A Data Privacy Headache for EU Countries — and the U.K.?

For those that bet their bottom pound/euro on Gartner’s assessment, this new quadrant creates a situation where in-country regional buyers are going to be assessing solutions with key referencability in North America, architecture and resources centered around North America, and a bit of a headache when GDPR considerations come into play.

Gartner says it assesses vendors against GDPR criteria, but in October 2020 the ”privacy shield” that existed to give confidence on the adequacy of data and its respective privacy between EU countries and the U.S. fell apart when challenged in court via the Schrems II case. This creates a legal burden if your vendor of choice does not have data centers in Europe and particularly if it has resources in a North American network operating center (NOC) carrying out GDPR requests such as right to erasure and subject access requests. To further complicate the situation, per Brexit, NAM vendors that want to deliver to the U.K. market best have a data center (and ideally a NOC) in Great Britain, too.

That said, the NAM vendors can overcome these challenges by securing data privacy compliance with standard contractual clauses or binding corporate rules that flow through the contractual chain. But it is without doubt the sort of subject matter that European procurement teams become nervous about, so the onus is on the NAM vendors to invest in the right architecture — or the right legal representation — to ensure new buyers can gracefully move past this potential hurdle.

Hold Onto Your Hats — It Is About to Get a Whole Lot More Confusing…

About 35,000 contact centers in Europe are split between on-premises systems and a cloud platform. Gartner plotted the vendors against their ability to execute and their completeness of vision — obviously critical criteria. But, market investment in CCaaS players saw an encouraging and significant boost in 2020. Vendors will no doubt direct these cash injections toward R&D for delivery on these key criteria points, but they also will spend tons of money on regional resources and marketing, too.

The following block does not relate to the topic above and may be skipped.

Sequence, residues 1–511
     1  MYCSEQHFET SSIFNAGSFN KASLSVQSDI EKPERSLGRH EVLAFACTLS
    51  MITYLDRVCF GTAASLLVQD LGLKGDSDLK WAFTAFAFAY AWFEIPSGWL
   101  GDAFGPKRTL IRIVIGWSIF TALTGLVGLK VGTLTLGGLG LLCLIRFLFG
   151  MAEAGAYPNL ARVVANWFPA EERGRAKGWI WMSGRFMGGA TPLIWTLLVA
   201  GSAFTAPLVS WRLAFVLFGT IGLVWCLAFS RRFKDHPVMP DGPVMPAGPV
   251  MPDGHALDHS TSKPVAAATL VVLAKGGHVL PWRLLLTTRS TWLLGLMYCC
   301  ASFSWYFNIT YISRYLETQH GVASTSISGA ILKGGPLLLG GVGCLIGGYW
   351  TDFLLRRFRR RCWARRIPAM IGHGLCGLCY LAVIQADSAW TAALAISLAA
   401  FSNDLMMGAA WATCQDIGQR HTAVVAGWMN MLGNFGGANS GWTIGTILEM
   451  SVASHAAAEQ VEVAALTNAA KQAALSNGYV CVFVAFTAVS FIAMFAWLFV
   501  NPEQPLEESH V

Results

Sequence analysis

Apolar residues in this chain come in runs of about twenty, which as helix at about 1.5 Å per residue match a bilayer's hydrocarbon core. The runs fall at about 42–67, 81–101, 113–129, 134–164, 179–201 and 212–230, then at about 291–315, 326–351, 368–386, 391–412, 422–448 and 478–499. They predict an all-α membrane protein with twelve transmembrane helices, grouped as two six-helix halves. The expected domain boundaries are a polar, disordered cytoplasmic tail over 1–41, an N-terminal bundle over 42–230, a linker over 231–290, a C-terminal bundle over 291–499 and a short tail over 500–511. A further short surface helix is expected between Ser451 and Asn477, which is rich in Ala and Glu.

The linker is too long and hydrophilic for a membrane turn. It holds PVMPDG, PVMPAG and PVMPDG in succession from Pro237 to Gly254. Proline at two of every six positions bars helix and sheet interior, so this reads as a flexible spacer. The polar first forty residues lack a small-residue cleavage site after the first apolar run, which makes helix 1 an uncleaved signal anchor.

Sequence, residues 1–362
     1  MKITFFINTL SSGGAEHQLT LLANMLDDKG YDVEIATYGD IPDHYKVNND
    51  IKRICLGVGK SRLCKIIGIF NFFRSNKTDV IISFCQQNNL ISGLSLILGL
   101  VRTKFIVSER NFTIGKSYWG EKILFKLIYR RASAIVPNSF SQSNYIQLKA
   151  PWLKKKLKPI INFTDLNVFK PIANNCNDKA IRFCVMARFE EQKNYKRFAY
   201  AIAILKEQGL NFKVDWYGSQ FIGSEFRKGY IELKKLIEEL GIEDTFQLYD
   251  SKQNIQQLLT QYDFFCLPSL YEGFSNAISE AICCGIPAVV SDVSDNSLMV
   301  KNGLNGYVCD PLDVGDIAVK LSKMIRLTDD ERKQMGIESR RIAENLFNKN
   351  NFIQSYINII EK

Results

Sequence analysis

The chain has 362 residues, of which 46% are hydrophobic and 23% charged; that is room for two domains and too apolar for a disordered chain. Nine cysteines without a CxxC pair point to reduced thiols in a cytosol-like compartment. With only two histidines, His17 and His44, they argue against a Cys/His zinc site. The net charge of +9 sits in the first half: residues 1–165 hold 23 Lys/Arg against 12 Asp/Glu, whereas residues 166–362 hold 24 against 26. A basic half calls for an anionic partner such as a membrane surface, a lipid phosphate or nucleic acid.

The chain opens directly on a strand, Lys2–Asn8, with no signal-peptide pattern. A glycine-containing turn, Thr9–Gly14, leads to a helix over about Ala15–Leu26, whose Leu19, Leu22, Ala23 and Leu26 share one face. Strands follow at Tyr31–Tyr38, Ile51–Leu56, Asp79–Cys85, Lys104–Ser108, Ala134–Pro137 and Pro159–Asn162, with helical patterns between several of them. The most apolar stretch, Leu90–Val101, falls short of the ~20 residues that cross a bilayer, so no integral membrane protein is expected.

So Western European buyers, facing more options than ever before, can expect to be deluged with more webinars, more content, and more LinkedIn requests.

To further add to the confusion, the marketplace is just about to get a whole lot more competitive, with different sorts of players fighting for brand awareness. The competition will come from:

  • The CRM world — Salesforce is on the prowl for its first significant win for Service Cloud Voice, which launched last summer; Pega; SAP, and ServiceNow are leading with integration to an ACD instead of what has traditionally been the other way around

  • The UC world — players like RingCentral and Microsoft, with Teams, are securing a whole lot of the secondary buying decision market with contact center being added as an attachment to larger-scale UC deployments

  • Traditional players desperate to reinvigorate — Cisco, which recently launched the “all-new” Webex Contact Center; Avaya; Aspect; and Mitel all need to work hard to secure relevance in a market that has changed in the blink of an eye

  • The build model players — most of the players on the quadrant offer off-the-shelf solutions with little need to customize. The alternative is the highly customizable solutions like Amazon Connect, which needs a whole lot of development resources So, expect to see Twilio, with Flex, and others grappling to secure share in this market.

“O brave new world, that has such people in't” – Shakespeare

As reflected in my Shakespeare quotes, players are transient and opportunities to discover new people offer exciting and limitless potential.

The shake-up of the Gartner CCaaS MQ offers buyers a window into players that, for now, are riding high.

I would recommend that Western European buyers, so used to a changing landscape, should first consider their exacting requirements from all the critical angles that need to be assessed:

  • Current and future agent experience

  • Current and future operational experience

  • Current and future customer experience

And only when these needs are clear should they take analyst opinions into consideration when seeking a perfect fit. For now, most solutions have a way to go until they can fully claim a completed vision, but functionality parity, however it is achieved, will soon mean differentiation will become less about technology and more about the vendors’ ability to deliver true material value in the criteria listed above. The means to assess this differentiation will present themselves to buyers in solid frameworks, references and — something the critics / analysts cannot measure — that all important feeling you get when you feel assured that your contact center is in safe hands because you’re working with a partner that is able to deliver the right business outcomes.

Irrespective of which market you reside in, though, when looking to deliver contact center transformation take heed from the warning given to Romeo: “Go wisely and slowly. Those who rush stumble and fall.”